One may (wrongly) think that the better performance of C3 compared to CC is because it is being trained for 20 more epochs. (Note that in all our experiments, as suggested by the CC authors, we trained the CC algorithm networks for 1000 epochs. We train the C3 networks for 1020 epochs, i.e. 1000 epochs for the first step and 20 epochs for the second step.) We reject such an argument and support it by training the CC networks for the same number of epochs as what the C3 is trained for, i.e. 1020 epochs. We observe that no improvement is obtained for CC when trained for an extra 20 epochs. This is while when we keep training the networks with the C3 loss for only 20 more epochs, significant improvements are observed. This shows that the superior performance of C3 is not because of the extra epochs but because its objective function helps the network discover patterns that are complementary to those that CC extracts. The result of such an experiment on CIFAR-10 is shown in Figure 5.

4.4 How does C3 loss improve the clusters?

Figure 6: Plot of loss and number of positive pairs versus epoch.
Figure 7: Performance and behavior of C3 for different values of , for CIFAR 10 (top row) and Tiny-ImageNet (bottom row).

As we saw in Figure 3, the improvement that C3 achieves is mainly because it is able to reduce the distance between instances of the same cluster while repelling them from other clusters. We can justify this observation by considering the loss function of C3, i.e. Eq. (9). In this function, the term indicates that if the cosine similarity of two samples is greater than , they should be moved further close to each other. At the beginning of the second phase of C3, since the z-space is already trained with CC during the first step, we can assume that the points that are very similar to each other have a cosine distance less than this threshold so they will become further close by minimizing the C3 loss. For instance, take two points and with a cosine similarity larger than , and assume that has a similarity greater than with , but its similarity with is smaller than . Therefore, according to the loss function, and , as well as and , are forced to become closer, but it is not the case for and . However, these two points will also implicitly move closer to each other because their distance to is reduced. As the training continues, at some point, the similarity of and also may pass the threshold . Therefore, as the similar pairs move closer to each other during the training, a series of new connections will be formed, and the cluster will become denser. To support this hypothesis, we plotted the average of the loss function and the average number of positive pairs of each data sample in Figure 6-a and 6-b, respectively. We can observe that the number of positive pairs exponentially increases during the training until it settles to form the final clusters. Corresponding to this exponential increase, we can see that the loss is decreasing, and the network learns a representation in which clusters are distanced from each other while samples of each cluster are packed together.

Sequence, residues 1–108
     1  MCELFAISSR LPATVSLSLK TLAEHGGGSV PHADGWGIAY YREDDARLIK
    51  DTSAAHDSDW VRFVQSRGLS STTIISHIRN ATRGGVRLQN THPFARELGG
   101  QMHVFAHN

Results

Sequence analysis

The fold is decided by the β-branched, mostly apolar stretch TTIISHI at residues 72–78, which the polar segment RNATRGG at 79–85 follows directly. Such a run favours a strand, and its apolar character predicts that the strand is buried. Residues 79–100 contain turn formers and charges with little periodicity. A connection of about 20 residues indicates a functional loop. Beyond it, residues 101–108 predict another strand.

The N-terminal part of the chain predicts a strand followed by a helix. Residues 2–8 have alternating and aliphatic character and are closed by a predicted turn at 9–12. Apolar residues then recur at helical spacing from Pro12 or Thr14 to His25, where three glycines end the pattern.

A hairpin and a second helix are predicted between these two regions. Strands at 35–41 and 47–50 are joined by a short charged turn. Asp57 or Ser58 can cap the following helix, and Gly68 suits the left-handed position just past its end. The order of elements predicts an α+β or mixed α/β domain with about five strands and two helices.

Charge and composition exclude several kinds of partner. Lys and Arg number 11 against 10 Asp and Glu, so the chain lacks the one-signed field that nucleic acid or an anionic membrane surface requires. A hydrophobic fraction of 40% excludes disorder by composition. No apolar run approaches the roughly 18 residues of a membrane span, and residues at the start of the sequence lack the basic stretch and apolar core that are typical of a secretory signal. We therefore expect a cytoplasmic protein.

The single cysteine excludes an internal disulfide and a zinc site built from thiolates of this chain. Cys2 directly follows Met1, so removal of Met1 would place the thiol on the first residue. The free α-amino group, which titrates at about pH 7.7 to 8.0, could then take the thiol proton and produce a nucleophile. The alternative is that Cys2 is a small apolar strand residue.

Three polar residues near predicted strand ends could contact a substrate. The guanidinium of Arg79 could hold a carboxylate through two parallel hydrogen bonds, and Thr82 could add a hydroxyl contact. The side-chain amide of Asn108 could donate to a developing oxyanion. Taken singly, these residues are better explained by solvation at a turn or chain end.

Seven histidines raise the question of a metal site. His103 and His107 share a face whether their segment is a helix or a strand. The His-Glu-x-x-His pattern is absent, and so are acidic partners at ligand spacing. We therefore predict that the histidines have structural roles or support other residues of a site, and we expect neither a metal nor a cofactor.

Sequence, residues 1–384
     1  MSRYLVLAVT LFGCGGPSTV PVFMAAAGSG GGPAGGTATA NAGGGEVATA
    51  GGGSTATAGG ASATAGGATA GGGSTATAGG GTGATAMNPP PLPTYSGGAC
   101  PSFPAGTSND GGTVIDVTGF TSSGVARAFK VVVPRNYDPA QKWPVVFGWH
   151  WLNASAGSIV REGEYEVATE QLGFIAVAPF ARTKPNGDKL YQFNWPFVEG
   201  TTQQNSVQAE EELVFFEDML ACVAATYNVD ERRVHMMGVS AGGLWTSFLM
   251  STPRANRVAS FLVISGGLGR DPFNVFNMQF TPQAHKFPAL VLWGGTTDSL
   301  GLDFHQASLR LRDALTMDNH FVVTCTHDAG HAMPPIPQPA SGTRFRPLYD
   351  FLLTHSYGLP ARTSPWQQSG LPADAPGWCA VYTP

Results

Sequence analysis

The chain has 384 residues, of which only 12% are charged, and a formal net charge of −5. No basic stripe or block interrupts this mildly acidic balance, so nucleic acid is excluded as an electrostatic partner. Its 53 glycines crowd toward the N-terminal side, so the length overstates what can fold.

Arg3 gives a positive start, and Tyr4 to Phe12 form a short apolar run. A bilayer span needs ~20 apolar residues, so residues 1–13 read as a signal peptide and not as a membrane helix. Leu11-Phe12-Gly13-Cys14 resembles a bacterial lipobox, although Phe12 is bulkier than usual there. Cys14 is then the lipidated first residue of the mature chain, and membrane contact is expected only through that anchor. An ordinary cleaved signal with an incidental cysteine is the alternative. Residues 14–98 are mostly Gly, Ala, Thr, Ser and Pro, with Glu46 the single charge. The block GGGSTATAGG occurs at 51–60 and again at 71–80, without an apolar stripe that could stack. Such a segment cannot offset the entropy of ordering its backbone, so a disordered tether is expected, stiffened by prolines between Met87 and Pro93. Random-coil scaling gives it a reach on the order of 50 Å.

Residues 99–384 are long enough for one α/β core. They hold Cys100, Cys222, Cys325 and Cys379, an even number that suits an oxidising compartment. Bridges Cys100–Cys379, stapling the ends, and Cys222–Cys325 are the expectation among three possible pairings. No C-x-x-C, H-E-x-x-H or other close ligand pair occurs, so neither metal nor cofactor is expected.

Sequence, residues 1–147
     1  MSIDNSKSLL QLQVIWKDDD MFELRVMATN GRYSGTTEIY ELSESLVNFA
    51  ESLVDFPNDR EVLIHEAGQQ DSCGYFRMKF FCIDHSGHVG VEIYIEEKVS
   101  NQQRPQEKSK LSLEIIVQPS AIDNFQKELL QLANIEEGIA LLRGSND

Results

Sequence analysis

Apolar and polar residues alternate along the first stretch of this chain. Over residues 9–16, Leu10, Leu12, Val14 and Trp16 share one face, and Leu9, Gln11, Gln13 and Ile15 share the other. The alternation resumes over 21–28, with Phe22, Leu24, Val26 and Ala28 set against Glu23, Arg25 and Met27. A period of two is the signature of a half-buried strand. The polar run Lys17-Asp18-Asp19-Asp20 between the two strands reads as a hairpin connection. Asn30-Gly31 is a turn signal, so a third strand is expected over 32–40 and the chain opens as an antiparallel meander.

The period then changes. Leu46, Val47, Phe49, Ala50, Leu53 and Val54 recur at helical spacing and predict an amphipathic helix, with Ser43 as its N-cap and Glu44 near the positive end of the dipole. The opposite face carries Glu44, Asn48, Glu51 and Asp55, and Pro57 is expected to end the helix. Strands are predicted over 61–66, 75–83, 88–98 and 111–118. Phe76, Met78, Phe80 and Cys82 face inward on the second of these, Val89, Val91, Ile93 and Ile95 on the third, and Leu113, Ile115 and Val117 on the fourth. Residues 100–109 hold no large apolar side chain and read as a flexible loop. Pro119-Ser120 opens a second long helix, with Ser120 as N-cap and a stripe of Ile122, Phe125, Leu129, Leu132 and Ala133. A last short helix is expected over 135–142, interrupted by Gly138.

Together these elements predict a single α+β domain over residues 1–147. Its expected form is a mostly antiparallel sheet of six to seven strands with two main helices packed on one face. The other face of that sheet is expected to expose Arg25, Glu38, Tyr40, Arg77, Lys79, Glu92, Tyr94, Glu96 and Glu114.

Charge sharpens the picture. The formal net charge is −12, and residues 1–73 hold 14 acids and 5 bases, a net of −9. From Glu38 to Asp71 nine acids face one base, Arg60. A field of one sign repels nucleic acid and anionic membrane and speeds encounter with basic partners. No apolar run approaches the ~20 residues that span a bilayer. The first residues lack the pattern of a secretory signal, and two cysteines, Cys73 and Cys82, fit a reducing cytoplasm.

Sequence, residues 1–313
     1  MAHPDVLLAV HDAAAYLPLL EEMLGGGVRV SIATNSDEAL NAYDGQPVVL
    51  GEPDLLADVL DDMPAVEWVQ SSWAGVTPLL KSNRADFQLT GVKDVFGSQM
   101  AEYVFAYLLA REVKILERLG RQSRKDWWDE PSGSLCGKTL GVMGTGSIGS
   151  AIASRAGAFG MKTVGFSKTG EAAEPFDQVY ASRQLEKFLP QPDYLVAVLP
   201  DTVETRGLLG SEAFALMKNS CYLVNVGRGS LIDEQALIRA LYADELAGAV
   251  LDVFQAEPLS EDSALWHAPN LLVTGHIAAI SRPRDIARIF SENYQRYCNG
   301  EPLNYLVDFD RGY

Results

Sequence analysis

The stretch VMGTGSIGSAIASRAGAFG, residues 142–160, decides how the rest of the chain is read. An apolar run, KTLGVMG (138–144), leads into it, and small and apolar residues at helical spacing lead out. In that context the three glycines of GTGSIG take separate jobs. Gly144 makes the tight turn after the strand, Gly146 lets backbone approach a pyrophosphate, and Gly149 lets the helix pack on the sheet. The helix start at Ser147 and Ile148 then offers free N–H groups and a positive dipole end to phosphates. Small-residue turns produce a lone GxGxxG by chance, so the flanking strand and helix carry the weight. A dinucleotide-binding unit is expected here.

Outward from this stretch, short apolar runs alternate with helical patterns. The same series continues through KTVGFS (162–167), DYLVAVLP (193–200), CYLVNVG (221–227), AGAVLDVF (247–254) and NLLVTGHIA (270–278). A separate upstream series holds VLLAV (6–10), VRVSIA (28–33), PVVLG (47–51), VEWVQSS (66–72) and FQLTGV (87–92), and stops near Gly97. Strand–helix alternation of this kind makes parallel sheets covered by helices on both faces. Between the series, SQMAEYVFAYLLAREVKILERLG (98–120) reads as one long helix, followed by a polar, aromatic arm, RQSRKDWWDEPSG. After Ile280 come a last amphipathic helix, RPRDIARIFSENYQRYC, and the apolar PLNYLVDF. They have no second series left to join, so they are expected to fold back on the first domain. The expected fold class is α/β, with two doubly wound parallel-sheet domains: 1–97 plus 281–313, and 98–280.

We can also deduct from this experiment that the number of positive pairs is also related to the number of classes in each dataset. For example, if we have an augmented batch size of , for Tiny-ImageNet that has 200 classes, we expect to have positive pairs per sample which is very close to and it is the reason that we do not see the same sharp increasing trend as other datasets in Tiny-ImageNet.

4.5 Effect of Hyperparameter

Our method, C3, introduces a new hyperparameter , a threshold for identifying similar samples. Throughout the experiments, we fixed , which yielded consistent results across most detests. Now, we carry out an experiment in which we change and record the performance. Note that since , we can technically change from -1 to 1. Intuitively, for a small or negative value of , most points in the z-space will be considered similar, and the resulting clusters will not be reliable. Therefore, in our experiment, we change from 0.4 to 0.9 in 0.1 increments for CIFAR-10. For Tiny-ImageNet, as there are lots of clusters, we set . We then plot the accuracy, NMI, average loss, and average of positive pairs per sample. The resulting graphics are shown in Figure 7.